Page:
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order to change trains. As she says, “We had the pleasure of seeing the city in ruins.”9 Before they arrived in Berlin, however, they were confined to separate compartments and were guarded by two SS men, one from the Gestapo and one from the Wehrmacht, who was armed with a machine gun to “take care of these ‘nine dangerous women.’ ”10 Although as prisoners they were marked by the blue coats they wore, they were not emaciated and thus did not look as if they had been in the concentration camps. In addition, they were traveling among German citizens. When they arrived at the railway station in Berlin to board the train to Bergen-Belsen, the Gestapo agent approached the conductor and asked him for a special compartment. The conductor, an elderly man, looked at him and said, “We are overcrowded. We have no special compartments.” When the man from the Gestapo insisted, the conductor looked at him in anger and said, “Don’t you know there is a war somewhere? People have to sit wherever they can.” Having no choice, they went into the passenger compartment and sat among the rest of the people. Next to Dr. Bimko was a young German man. In the middle of the trip he said to her in a very low voice, “Look, I have here two postcards. If you want to write to somebody, I promise to send them.” She remembers this with a feeling of sadness that bothers her to this day. First, she had no one to write to, and second, she didn’t know if he meant it honestly or as a provocation. It was a time in her life when she had lost all trust in people.11 When the women arrived in Bergen-Belsen, the nine of them were crowded into six beds in the corner of the infirmary. However horrible the conditions had been in Birkenau, they seemed even worse in Bergen-Belsen except for the fact that there were no gas chambers or crematoria. The camp was filthy. There was hunger and all manner of disease, as well as a raging typhus epidemic. Due to the fact that camps in the eastern part of Europe were being liberated by the advancing Russian army, the Germans were transporting the inmates as far as possible into Germany. According to Dr. Bimko-Rosensaft, most of them ended up in Bergen-Belsen. Thus, with transfers coming every day, the camp soon became overcrowded. She describes the situation as truly desperate, stating that in both the women’s and the men’s camps, as far the inmates knew, there was no hope of survival. Approximately one thousand people died every day. Nonetheless, in December 1944 what she calls “a miracle” suddenly came into her life.12 The group of women with whom she had been transported from Auschwitz had ostensibly been sent to work as an ambulance and emergency medical team in the camp hospital in Bergen-Belsen. None of them had ever heard of this camp and they surmised that rather than being sent to work, this meant the end for them. In Bergen-Belsen there was a compound of 3,751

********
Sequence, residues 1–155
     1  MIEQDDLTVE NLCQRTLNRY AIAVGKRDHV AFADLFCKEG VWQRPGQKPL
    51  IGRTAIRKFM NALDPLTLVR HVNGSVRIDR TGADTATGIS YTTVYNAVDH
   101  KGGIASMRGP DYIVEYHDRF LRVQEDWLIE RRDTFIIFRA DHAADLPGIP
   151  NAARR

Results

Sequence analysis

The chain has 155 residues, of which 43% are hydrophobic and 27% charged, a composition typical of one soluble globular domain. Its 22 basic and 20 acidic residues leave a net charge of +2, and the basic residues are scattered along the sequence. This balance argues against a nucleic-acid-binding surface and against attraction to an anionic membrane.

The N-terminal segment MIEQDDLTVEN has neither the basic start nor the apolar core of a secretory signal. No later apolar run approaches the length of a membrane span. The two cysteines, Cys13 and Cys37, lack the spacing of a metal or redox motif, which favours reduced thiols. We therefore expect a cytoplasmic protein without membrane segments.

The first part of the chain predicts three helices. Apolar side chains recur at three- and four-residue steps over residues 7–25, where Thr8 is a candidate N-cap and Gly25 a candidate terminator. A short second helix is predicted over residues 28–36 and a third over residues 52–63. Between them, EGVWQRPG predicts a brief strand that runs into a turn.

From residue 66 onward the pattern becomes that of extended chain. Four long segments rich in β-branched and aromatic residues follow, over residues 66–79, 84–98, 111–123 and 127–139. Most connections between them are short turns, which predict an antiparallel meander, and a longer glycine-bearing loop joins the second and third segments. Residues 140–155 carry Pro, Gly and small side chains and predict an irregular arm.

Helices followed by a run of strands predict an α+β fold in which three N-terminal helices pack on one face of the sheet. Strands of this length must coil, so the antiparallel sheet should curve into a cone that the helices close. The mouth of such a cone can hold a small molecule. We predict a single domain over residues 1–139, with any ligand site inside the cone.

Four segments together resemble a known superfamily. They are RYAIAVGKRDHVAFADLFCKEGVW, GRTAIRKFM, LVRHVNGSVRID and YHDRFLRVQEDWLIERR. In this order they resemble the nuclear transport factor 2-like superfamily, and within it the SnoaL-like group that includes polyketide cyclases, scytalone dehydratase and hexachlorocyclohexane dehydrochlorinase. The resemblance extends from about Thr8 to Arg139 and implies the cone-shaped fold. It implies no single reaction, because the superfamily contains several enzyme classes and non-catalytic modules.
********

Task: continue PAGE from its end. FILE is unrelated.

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Jewish men, women, and children from the Netherlands.13 They lived in a block that was separated from the rest of the camp. Known as a family home for Dutch Jews, the adults in these barracks were allowed to live with their children. According to a German document signed by Ernst Kaltenbrunner (an Obergruppenführer) on August 31, 1943, there were several special directives for running this so-called residential camp of Bergen-Belsen. The Germans had hoped that these prisoners might be exchanged for German POWs. For this reason, the Dutch inmates were allowed to receive parcels from friends in the Netherlands and were looked after by the Red Cross.14 One day the Dutch adults were taken to an unknown destination, thereby being forced to leave their children unattended in the camp. At 3:00 A.M. the following morning, the nine women were awakened by the shouts of the SS men when two trucks stopped at the barracks in which they slept. The women, ordered out to where the trucks were parked, found them packed with forty-nine crying, frightened children: boys and girls from the ages of eight months to fourteen years. Despite their pitiful condition, they were in somewhat better health than other prisoners because they had been with their parents until that time. Nevertheless, one eight-month-old baby, who had come down with diphtheria, died soon after, there being no way they could save him. Although the children were hungry, the women had no food to give them at this hour, for they had eaten the single pieces of bread doled out to them in the evening. While Dr. Bimko sat in the corner, thinking about what would happen to these children in the morning when the SS officer made his rounds, the other eight women talked to them, trying to comfort and pacify them. Concerned for their lives, Dr. Bimko never slept that night. In the morning the SS officer came on his rounds, as he did every day. When he saw the children he screamed, “Was macht; was pakt?” (What is all packed in here?). Although the doctor later claimed that she was not a particularly courageous person, this did not seem to be the case at the time, for with great courage she said to him somewhat truthfully, “We were ordered in the middle of the night to take care of the children.” The SS officer, an elderly doctor, looked at her, and similar to most Germans at that time, obeyed what he believed to be the official orders—and left. As a result, the children were allowed to remain with the group of women, who began to care for them, providing a kind of children’s compound. This particular children’s barracks had in fact been set up by the Germans as a Musterlager (show camp), with which they hoped to impress the Red Cross. Hence, when members of the Red Cross periodically came to inspect conditions in the camp, they were taken to this children’s compound, which was kept separate from the rest of the camp. Neither the children nor